The bull shark is one of the fiercest predators in the ocean.
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Top Photo: The bull shark is one of the fiercest predators in the ocean. Photo credit: Martin Prochazkacz/

SHARK! It is a bone-chilling cry that sends swimmers and surfers alike rushing for the sandy shore. But are these creatures really the killing machines we have made them out to be? Every year, all across the world, sharks are responsible for approximately six human deaths, while it is estimated that humans are responsible for the deaths of more than 100 million sharks a year.

In fact, there are more than 500 shark species and over a quarter of them are threatened by extinction. Between overfishing, destruction of habitat, trophy fishing and shark finning – a cruel practice in which sharks are caught only to have their fins removed and then thrown back into the ocean to drown – humans are removing sharks from the oceans much faster than they are able to reproduce. This is a sad situation considering sharks have been on the Earth for more than 400 million years!

What would happen to our oceans if sharks disappeared? Sharks play an important role in maintaining balance in the ocean ecosystem. Their main sources of food include marine mammals such as seals, and a variety of fish that reproduce quickly. As a top oceanic predator, sharks help keep these populations under control. Sharks are important for the environment!

Sharks are apex predators, which means they have very few natural predators in the wild. They prefer warmer waters, like those off the coast of Southern California and Indonesia, but can be found in all the world’s oceans – including the frigid waters of the Arctic. And while we have learned a lot about them through research and study there are still many things we have yet to understand about these magnificent and misunderstood creatures.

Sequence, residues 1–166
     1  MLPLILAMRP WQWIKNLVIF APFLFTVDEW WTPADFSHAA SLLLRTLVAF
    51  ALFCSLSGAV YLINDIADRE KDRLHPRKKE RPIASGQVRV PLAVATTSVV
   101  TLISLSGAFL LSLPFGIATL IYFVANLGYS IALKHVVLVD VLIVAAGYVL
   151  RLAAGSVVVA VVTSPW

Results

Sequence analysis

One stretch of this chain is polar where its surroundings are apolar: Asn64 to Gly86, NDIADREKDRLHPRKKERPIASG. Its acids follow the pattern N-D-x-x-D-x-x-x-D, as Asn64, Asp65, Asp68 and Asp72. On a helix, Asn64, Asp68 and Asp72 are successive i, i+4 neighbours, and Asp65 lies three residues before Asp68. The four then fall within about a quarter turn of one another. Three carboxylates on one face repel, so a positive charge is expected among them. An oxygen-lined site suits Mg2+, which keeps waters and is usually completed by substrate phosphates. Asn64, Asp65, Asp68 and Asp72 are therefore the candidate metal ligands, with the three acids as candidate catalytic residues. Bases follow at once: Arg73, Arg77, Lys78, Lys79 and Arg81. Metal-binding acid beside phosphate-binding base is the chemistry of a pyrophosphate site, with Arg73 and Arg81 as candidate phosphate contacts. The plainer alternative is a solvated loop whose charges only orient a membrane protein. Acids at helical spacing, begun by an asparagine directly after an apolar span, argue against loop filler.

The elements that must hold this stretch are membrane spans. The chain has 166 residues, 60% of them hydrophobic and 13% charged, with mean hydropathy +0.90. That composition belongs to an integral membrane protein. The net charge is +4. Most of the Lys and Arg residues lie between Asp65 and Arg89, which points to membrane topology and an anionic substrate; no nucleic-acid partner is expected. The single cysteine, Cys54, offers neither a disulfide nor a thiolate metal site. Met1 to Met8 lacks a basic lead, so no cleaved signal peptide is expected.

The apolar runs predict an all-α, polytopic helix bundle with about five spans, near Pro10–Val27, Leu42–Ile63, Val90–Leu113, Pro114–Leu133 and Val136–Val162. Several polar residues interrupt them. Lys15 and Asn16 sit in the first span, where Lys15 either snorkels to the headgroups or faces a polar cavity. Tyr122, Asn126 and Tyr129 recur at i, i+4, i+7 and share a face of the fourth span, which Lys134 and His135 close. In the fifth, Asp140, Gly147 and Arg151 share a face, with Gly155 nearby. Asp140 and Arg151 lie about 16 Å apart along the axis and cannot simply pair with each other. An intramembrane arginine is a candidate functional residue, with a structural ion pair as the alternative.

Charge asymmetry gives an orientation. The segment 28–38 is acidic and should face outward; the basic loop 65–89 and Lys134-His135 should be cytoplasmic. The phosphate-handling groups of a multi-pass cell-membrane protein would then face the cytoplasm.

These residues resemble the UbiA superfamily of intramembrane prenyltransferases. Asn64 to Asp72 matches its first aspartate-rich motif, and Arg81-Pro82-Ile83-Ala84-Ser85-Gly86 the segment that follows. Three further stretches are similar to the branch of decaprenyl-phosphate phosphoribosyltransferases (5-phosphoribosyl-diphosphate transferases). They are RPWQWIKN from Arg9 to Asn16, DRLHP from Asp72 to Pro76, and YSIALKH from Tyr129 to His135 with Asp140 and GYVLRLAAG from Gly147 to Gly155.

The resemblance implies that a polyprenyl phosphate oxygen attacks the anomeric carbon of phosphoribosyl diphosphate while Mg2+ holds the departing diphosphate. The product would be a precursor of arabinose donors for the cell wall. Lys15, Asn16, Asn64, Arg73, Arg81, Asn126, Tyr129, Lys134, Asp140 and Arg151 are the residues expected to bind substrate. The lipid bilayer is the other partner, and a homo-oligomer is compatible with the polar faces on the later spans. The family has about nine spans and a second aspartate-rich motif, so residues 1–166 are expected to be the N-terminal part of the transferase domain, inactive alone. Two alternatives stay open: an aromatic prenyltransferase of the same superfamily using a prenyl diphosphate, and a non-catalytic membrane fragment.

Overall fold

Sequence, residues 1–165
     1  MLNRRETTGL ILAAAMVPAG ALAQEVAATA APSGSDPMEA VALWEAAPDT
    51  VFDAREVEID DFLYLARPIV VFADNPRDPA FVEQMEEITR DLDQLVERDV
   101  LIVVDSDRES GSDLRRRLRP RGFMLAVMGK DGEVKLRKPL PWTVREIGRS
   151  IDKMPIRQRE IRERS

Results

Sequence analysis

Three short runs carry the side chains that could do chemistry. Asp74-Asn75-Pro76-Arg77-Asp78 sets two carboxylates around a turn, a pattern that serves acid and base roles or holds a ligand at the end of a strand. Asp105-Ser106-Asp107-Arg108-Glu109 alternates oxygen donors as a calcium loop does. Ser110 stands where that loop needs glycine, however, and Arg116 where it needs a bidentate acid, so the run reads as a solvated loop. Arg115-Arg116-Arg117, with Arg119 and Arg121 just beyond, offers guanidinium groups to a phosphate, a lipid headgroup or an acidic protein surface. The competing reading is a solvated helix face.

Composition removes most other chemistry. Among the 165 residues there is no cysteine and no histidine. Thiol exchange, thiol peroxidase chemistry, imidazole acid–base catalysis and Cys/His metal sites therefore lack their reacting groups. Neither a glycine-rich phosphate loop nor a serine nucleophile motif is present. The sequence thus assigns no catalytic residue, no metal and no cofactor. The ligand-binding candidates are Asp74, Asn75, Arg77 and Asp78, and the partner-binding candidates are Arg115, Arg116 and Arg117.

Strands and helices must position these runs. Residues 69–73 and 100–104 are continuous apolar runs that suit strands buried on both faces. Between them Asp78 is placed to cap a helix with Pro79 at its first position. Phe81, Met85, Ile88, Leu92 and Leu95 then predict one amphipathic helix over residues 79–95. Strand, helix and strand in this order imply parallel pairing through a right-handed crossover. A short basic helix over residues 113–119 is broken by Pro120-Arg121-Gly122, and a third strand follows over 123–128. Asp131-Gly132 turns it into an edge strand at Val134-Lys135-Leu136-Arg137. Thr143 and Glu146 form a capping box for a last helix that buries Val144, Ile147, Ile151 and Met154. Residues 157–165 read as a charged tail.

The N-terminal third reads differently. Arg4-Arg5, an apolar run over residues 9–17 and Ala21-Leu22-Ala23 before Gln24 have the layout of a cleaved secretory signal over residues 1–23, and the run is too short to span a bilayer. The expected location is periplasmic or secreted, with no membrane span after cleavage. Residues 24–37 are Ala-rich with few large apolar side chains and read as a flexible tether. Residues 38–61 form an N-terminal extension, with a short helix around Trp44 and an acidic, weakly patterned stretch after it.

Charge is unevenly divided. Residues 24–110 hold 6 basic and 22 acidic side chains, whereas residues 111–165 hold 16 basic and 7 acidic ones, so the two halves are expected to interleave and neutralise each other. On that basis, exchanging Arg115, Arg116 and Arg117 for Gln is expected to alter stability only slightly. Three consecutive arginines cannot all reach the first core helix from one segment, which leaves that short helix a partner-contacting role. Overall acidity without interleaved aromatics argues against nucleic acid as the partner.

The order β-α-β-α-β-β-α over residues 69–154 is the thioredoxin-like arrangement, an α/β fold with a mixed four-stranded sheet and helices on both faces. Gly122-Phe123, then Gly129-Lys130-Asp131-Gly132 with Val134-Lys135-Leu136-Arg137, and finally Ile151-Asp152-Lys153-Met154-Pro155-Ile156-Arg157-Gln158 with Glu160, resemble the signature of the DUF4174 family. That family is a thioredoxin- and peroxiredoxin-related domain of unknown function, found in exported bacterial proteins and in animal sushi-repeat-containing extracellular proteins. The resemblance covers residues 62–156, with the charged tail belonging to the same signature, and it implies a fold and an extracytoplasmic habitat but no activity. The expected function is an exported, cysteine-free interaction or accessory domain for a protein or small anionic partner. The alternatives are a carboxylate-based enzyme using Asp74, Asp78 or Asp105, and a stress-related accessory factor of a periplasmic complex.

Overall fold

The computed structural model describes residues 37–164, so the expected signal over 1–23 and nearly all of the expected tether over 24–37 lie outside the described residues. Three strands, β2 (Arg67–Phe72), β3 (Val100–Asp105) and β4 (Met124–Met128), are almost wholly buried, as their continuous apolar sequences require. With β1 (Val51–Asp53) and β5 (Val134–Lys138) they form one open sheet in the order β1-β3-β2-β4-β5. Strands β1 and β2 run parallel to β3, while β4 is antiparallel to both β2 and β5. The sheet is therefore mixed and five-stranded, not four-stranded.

In all, sharks are creatures to be appreciated, not feared!

The giant megalodon had teeth that could grow as large as 7 inches long or more!

The giant megalodon had teeth

that could grow as large as 7 inches long or more!

By Francesco Volpi Ghirardini/

Did You Know?

Sharks shed their teeth constantly.

Some species lose as many as 35,000

teeth in a lifetime. However, sharks’

teeth vary according to their diet,

from sharp and pointy to dull and rounded.


Shark posing for a photo

Sharks Magnificent & Misunderstood

“Sharks: Magnificent & Misunderstood”

This exhibition opens on February 22, 2019 at Flandrau Science Center & Planetarium. Featuring hands-on interactive exhibits, models, and much more. This exhibit is fun for the whole family and a great field trip for school groups.

Smiling bobcat

Fun Facts

• Sharks have no bones. Their skeleton is made up of cartilage like the part of your ear that feels stiff but can be bent. Sharks only bite to see if they like the taste. If they do not, they swim away. This is why people are accidentally bitten by sharks.

• Sharks much prefer the taste of their natural diet – seafood and marine mammals!

• Sharks have the ability to detect electrical fields at short distances. Since all living things give off electricity, this puts the hunting shark at a distinct advantage.

• Flexible scales on the bodies of these predators allow them to change direction while moving at full speed. This is called “denticle bristling”.


To learn more about sharks, visit our newest exhibit Sharks: Magnificent and Misunderstood. To plan a visit or for more information, call 621-4516 or visit

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